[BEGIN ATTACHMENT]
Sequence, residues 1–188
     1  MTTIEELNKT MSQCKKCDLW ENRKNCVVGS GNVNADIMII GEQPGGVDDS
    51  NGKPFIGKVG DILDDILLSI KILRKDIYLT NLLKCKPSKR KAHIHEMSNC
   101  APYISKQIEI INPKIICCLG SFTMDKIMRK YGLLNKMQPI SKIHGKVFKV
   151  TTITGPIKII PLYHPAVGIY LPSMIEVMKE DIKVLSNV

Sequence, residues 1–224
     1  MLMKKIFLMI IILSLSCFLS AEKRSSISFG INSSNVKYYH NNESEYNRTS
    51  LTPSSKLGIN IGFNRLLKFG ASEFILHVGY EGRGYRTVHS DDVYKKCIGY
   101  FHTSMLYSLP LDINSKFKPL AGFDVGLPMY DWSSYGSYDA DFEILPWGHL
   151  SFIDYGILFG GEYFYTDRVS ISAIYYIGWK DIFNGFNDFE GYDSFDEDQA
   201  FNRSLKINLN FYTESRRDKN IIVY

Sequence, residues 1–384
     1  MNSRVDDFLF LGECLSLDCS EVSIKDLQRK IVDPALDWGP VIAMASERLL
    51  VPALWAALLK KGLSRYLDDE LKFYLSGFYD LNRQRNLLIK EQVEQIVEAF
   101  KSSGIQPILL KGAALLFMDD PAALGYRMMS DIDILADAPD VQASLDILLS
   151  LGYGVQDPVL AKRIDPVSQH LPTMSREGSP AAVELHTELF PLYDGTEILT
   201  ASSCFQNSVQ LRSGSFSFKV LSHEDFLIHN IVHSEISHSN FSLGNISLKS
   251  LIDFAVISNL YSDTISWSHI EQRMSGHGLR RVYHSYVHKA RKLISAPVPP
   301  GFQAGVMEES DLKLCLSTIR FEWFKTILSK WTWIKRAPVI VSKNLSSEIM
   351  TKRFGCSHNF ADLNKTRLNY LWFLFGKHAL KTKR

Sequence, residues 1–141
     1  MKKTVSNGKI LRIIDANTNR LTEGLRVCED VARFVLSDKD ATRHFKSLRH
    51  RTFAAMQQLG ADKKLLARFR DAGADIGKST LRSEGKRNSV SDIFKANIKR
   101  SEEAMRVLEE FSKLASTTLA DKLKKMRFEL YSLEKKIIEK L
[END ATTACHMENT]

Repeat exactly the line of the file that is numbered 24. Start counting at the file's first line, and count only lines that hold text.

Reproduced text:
   101  SEEAMRVLEE FSKLASTTLA DKLKKMRFEL YSLEKKIIEK L